In the second half of the book Finley shifts from this cutting-edge porn humor to an equally with-it topic that similarly hasn't already been beaten into the ground by countless legions of dot-brained hipsters: Disneyfication. "Oh God help us?we've just been sold to Disney," Christopher Robin exclaims in a prelude to 20-odd pages of jokes about that tired subject.
Karen Finley is one mess of infantile needs. She craves both revulsion and adulation and will make the ugliest display to get either. Other satirists, social commentators and humorists have been as screwy as she is, but the good ones work out that fucked-upness with humor or insight or smarts, none of which are evident in this repulsive and agonizingly unfunny book. She says she got the inspiration for it reading the real Pooh stories to her kid. Poor kid.
Finley will be in town in a few weeks for a book signing and a few weeks later to perform (at PS 122, of course), but if you want details consult the calendar page in a little salmon-colored Upper East Side high society gossip sheet called the Observer, where the suits like to pretend they're liberals by patronizing just the sort of dopey white haute-bourgeois self-deluding go-girl 80s feministas whose buttons Finley's made a career pushing.
Afterwords And speaking of dopey self-deluding liberals, let's turn now to The Nation, where Johnny Temple, bassist for the band Girls Against Boys and founder of Akashic Books, has an extremely misleading article in the current (Oct. 18) issue. Everybody tells me Temple's a good guy, and I like what he's doing with Akashic, but "Noise From Underground: Punk Rock's Anarchic Rhythms Spur a New Generation to Political Activism" is a pure case of pandering to The Nation's Citarella liberals who don't know punk rock from triphop and thus can be told exactly and only what they want to hear about it.
The bill of goods Temple sells them is that punk rock is a leftist/liberal/liberationist political movement that's hard at work organizing the kids into progressivist cultural associations around the land. I'm not kidding, he makes punk rock sound like the Cultural Revolution. As I've written before, this notion of punk as leftist movement is a hollow gong the cultural studies types in the UK started to bang in the 80s; to believe it you have to allow a view of history so narrow and carefully selective it's by definition bogus. To build his case, Temple has to reach all the way back to 80s DC hardcore bands Fugazi and Beefeater and the Positive Force organization, then pretend (a) that it was a much bigger scene at the time than it was and (b) that it's still relevant today. Fugazi "is revered not only for its distinctive sound but for being one of the few groups to resist the lure of corporate funding..." blah blah. Even funnier: "These days, much of the energy at Positive Force is channeled into the development of the Arthur S. Flemming Center, which will be owned and operated by DC's Emmaus Services for the Aging." Very punk rock, Johnny.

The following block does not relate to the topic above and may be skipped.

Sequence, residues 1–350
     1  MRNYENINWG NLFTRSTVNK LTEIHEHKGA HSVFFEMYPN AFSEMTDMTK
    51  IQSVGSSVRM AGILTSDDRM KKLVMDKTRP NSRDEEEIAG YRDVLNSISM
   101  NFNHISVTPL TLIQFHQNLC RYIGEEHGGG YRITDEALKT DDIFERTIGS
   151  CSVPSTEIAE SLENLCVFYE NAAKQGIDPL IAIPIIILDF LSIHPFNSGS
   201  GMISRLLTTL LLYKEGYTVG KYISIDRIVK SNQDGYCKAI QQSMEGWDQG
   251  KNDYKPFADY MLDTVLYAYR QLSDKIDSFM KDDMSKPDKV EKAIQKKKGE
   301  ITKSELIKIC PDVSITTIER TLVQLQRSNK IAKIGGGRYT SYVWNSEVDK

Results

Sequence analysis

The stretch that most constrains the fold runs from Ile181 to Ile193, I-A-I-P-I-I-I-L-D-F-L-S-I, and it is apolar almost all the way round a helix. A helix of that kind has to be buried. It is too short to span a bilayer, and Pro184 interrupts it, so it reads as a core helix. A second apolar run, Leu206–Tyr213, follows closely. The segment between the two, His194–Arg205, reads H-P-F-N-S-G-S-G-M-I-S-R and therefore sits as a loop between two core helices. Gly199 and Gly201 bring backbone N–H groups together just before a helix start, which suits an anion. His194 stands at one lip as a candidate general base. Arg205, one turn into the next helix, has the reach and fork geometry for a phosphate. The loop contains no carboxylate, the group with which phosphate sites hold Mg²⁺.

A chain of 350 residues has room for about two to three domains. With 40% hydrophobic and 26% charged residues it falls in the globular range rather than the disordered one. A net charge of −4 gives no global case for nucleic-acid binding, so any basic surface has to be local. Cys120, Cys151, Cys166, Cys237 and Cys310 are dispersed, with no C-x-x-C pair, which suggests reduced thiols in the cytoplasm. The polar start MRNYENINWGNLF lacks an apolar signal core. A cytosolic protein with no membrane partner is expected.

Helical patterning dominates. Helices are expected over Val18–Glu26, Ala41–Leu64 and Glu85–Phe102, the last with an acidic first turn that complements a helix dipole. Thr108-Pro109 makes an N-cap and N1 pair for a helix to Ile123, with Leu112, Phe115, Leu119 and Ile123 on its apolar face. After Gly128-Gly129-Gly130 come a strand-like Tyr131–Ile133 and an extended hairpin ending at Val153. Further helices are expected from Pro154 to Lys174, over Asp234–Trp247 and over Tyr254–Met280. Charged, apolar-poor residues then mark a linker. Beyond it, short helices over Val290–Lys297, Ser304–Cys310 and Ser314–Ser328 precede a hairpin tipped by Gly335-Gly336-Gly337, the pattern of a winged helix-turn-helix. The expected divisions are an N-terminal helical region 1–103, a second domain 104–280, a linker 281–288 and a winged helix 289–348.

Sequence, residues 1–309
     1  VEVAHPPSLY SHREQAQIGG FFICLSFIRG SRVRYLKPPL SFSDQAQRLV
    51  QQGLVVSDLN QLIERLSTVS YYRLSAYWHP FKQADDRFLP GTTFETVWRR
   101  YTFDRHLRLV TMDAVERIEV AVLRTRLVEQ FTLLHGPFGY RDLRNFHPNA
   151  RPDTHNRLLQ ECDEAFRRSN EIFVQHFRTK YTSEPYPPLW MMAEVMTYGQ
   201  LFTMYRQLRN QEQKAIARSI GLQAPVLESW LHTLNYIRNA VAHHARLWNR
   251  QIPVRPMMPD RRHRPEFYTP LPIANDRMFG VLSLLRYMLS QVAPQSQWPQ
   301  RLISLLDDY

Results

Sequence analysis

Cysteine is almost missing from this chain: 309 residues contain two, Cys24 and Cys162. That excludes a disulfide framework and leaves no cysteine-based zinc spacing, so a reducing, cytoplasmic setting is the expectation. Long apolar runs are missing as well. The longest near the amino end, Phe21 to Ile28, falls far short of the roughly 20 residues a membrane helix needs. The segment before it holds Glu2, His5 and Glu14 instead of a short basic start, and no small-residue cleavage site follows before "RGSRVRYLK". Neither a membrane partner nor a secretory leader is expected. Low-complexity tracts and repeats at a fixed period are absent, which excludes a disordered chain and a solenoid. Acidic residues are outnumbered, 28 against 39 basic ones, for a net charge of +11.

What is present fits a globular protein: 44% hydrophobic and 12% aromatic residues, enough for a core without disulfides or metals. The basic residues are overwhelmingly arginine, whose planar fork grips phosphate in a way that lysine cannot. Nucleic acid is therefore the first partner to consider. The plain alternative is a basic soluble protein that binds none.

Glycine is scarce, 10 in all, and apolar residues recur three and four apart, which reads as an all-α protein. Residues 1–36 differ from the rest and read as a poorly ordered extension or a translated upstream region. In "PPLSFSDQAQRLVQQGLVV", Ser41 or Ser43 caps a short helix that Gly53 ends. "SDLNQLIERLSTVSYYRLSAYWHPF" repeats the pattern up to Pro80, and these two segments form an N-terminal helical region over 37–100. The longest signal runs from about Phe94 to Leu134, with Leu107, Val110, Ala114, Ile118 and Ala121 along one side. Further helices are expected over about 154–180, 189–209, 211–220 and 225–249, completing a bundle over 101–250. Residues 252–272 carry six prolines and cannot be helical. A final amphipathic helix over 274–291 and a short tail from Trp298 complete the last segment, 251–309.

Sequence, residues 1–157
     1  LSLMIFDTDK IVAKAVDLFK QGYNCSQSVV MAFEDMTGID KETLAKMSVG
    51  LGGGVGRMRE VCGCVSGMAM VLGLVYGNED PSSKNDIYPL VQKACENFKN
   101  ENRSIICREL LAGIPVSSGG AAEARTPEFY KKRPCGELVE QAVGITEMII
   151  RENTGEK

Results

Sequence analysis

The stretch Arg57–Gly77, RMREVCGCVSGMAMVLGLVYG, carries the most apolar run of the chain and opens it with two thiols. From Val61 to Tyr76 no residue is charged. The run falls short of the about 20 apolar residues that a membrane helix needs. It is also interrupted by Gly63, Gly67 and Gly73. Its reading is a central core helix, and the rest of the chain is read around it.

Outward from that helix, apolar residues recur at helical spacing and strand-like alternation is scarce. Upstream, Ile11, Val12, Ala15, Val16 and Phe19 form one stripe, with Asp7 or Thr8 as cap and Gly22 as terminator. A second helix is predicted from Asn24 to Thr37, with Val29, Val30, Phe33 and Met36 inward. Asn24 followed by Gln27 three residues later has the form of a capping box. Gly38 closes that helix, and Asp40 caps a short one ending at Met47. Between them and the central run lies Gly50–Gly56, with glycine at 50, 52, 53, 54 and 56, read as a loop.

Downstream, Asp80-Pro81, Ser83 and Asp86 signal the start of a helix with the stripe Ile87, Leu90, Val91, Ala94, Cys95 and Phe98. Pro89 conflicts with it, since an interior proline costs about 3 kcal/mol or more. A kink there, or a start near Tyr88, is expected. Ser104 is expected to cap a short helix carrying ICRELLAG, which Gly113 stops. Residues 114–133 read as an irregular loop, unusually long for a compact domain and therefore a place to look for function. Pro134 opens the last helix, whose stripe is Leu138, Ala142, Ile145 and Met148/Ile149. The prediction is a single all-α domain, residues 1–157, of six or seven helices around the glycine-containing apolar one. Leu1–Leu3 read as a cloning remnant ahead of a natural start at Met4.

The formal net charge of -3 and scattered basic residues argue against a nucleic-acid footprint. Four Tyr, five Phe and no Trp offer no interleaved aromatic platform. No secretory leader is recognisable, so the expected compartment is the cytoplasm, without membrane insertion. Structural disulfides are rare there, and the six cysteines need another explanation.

Who else gets mentioned? Well, Jello Biafra, of course. And all the good, punk rock work he's done to bring speakers like Howard Zinn and Noam Chomsky to San Francisco (like Zinn and Chomsky needed Biafra's help to be invited to San Francisco). And, yes, Mumia's here too. And Riot Grrrls, and Rage Against the Machine.
There's such a doe-eyed, earnest, straight-faced innocence to Temple's delivery?lines like "Unfortunately, punk rock has not enjoyed the same cachet among older progressives that artists like Country Joe and the Fish and Bob Dylan once did," and "Though women made inroads toward punk prominence in the early hardcore years, it was not until the nineties that the Riot Grrrl movement...ushered Third Wave feminism to the forefront of the punk political agenda"?that I'd feel really really bad about calling him a liar. But how else to describe his failing to mention how DC hardcore begat the far more dogmatic and repressive, not to mention just plain ridiculous, straight-edge movement? Or his not saying one word, not one word, about punk's other and arguably far more active political side, from the overtly skinhead, neo-Nazi, Oi! and jingoist bands to the more benignly conservative, patriotic, blue collar and still heartily Fugazi-hating ones? Or, for that matter, that the great mass of punk rock has demonstrated not one iota of political awareness of any sort whatsofuckingever?
If Temple's editors at The Nation had the slightest inkling about popular culture outside the Upper West Side mental bunker where they've barricaded themselves over the last 20 years they would've recognized the weaknesses in his argument and sent this draft back to him for revision and expansion.